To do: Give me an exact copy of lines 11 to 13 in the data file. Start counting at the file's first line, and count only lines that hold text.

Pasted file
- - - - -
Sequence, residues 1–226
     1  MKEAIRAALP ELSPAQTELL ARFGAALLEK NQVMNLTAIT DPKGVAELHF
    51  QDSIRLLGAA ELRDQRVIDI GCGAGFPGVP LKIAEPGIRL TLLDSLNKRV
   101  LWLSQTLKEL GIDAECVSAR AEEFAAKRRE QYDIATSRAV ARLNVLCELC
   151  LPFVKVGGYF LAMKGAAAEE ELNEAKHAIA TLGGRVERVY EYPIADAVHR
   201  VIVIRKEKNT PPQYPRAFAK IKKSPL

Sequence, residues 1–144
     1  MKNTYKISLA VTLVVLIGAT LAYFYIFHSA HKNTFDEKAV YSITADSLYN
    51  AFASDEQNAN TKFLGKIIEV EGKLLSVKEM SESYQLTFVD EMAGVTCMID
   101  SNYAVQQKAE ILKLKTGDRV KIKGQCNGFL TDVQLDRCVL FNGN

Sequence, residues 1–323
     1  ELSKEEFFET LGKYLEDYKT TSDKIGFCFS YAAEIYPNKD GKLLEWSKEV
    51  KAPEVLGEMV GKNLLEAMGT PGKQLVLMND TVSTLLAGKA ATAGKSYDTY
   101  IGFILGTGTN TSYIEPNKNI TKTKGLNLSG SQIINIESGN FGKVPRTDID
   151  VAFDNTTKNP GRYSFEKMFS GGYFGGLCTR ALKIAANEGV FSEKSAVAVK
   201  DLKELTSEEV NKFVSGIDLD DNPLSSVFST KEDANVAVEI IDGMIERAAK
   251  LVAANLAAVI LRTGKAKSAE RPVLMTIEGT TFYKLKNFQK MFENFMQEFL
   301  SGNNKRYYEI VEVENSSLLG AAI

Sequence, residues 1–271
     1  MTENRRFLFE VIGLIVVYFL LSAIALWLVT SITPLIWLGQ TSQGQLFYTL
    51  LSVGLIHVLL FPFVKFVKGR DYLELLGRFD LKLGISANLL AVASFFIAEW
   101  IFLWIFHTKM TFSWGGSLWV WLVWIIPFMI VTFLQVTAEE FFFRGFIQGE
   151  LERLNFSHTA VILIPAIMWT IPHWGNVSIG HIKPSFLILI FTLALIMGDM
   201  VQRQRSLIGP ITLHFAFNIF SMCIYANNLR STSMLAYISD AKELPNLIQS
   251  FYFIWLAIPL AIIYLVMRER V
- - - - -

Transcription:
Sequence, residues 1–323
     1  ELSKEEFFET LGKYLEDYKT TSDKIGFCFS YAAEIYPNKD GKLLEWSKEV
    51  KAPEVLGEMV GKNLLEAMGT PGKQLVLMND TVSTLLAGKA ATAGKSYDTY